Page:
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A fire burns next to a passing Canadian National Railway (CN Rail) train beside an encampment of the Tyendinaga Mohawk Territory, set up in support of the Wet'suwet'en Nation who are trying to stop construction of British Columbia's Coastal GasLink pipeline, in Tyendinaga, Ontario, Canada February 26, 2020. REUTERS/Alex Filipe

ALEX FILIPE/Reuters

It will take several weeks for rail service to return to normal even if blockades come to an immediate end, said Transport Minister Marc Garneau, who also condemned the “extremely reckless” actions of protesters who set a fire under a moving train.

Speaking with reporters on Parliament Hill, Mr. Garneau said Canadian National Railway Co. officials recently informed him that the company had 184 trains parked in Canada and the United States as a result of rail disruptions.

A backlog of that size will take “many, many weeks” to resolve before service returns to normal, he said.

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“If you lined all that up, you’d go from here in Ottawa past Montreal end-to-end. That’s a lot of stuff that needs to move and we hope it’s going to move as soon as possible,” he said.

Mr. Garneau also strongly condemned the vandalism that occurred Wednesday on the CN rail line near Belleville, Ont.

Protesters lit a fire on the train tracks west of the Tyendinaga Mohawk camp off Depot Road on Wednesday afternoon. Flames could be seen on the south side of the rail line from the overpass above the camp. In total, eight freight trains have passed through the camp. A growing number of protesters gathered at the camp Wednesday.

A protest in Tyendinaga Mohawk Territory flared up Wednesday morning as CN attempted to resume train service. A fire lit on the tracks by protesters was cleared and two fright trains were able to pass. The Globe and Mail

About 20 Ontario Provincial Police officers were monitoring the demonstration.

“This was an extremely reckless act,” Mr. Garneau said. “I saw the video this morning and [it was] something that not only put in danger the life of the people who were actually lighting this fire under a moving train, but also could have been very dangerous for many other people. Because what if this train was carrying dangerous materials? It could have ignited, depending on the size of the fire. This is a totally reckless act and I hope that we’re not going to see this kind of thing [again].”

Activists continue to mount sporadic rail blockades and protests in support of Wet’suwet’en hereditary chiefs who oppose a gas pipeline project through their traditional territory in northern British Columbia and want the RCMP to leave the area.

On Monday, the OPP cleared a blockade set by Tyendinaga Mohawk protesters showing their solidarity with the hereditary chiefs. The Tyendinaga protesters had cut CN’s main eastern Canada railway link for weeks. Ten people were charged with mischief and disobeying a court order.

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Mr. Garneau said it will take several months before the full economic impact is known.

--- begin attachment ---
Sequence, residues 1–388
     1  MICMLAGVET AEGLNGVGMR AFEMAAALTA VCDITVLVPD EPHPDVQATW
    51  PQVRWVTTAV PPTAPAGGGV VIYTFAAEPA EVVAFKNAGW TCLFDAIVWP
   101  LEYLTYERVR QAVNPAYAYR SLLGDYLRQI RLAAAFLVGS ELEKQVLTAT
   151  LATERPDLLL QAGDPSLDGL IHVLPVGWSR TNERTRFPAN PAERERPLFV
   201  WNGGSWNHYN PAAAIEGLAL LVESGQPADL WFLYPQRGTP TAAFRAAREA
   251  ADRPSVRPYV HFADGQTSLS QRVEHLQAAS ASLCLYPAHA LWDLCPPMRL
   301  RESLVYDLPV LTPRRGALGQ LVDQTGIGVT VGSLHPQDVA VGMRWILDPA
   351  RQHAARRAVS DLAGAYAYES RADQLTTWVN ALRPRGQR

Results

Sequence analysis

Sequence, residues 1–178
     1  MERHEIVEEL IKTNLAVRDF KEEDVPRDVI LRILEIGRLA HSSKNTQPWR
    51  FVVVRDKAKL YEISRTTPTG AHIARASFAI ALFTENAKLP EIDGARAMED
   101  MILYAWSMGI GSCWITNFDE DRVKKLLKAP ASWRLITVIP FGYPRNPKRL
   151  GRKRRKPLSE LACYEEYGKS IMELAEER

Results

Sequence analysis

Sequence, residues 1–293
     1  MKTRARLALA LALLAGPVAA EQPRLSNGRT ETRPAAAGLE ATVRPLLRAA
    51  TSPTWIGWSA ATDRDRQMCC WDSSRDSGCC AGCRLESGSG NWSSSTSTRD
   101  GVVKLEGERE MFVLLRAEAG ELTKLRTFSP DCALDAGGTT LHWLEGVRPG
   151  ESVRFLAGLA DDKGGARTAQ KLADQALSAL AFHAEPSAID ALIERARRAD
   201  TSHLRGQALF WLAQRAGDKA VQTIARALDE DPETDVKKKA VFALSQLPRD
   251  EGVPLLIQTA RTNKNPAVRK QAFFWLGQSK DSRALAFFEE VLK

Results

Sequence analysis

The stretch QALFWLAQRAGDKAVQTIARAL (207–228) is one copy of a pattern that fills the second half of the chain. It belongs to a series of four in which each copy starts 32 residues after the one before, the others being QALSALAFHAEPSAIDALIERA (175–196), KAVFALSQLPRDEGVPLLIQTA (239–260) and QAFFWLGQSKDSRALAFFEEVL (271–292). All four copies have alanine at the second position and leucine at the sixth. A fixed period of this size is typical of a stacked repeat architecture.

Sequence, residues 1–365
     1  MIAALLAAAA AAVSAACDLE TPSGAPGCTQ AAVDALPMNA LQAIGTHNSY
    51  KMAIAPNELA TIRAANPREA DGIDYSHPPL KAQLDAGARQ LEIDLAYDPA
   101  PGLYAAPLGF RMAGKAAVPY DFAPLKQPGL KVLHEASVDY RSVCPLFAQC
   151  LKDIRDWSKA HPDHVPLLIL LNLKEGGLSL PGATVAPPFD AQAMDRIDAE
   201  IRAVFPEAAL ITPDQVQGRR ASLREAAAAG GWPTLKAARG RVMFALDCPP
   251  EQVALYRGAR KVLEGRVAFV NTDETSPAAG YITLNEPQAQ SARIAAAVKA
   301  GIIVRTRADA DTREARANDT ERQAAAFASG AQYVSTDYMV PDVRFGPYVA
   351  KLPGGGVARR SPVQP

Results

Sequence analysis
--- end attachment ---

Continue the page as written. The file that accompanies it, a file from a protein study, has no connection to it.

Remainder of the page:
“There’s 50 grain ships on the West Coast waiting to pick up grain,” he said. “There are unfortunately going to be companies that come to ports in Canada, who are going to move somewhere else because there’s just too much of a backlog and they’re too worried about the reliability of our Canadian ports because of what is happening.”

CN has laid off 450 people in its eastern Canadian operations, while Via Rail’s layoffs total almost 1,000 since much of train traffic east of Toronto was halted.

Karl-Philip Marchand Giguere, a Via spokesman, said the passenger railway is working with CN, the track owner, on returning to normal service. “As a significant number of freight trains are currently on the network, a specific date for the return of service has not yet been determined at this time,” he said.

A spokesman for the Teamsters Canada Rail Conference, which represents CN’s train operators, said there have been no new layoffs in the past week. But many CN employees who work when they are called in are sitting at home not getting paid.

“We’re still faced with hundreds of members who aren’t getting that call to go into work,” Christopher Monette said. “They haven’t received any [layoff] papers yet from the company, but they are off the [assignment list] and they aren’t getting those calls to go and drive those trains.” ​

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CN did not respond to several requests to comment.

At the Port of Hamilton at the east end of Lake Ontario, the disruption of train service has affected the arrival of gasoline, asphalt and other supplies. “In some cases, port terminals have supplies … they can draw upon for days or weeks,” said Larissa Fenn, a spokeswoman for the port. “But that’s not sustainable for very long, and an extended disruption would likely have effects on consumer gas stations, road projects, southern Ontario construction projects and other everyday uses.”

Police say the court injunction obtained by CN earlier this month covers the tracks where Tyendinaga Mohawks are protesting. Their encampment is not within CN’s right of way, but the activities of the protesters have been taking place on CN property, OPP spokesman Bill Dickson said.

“There is definitely criminal activity involved here. The railway right of way is private property. There are fires being set. And potentially damage being done. So yes, there is the potential for charges to be laid,” he said.

With a report from Colin Freeze

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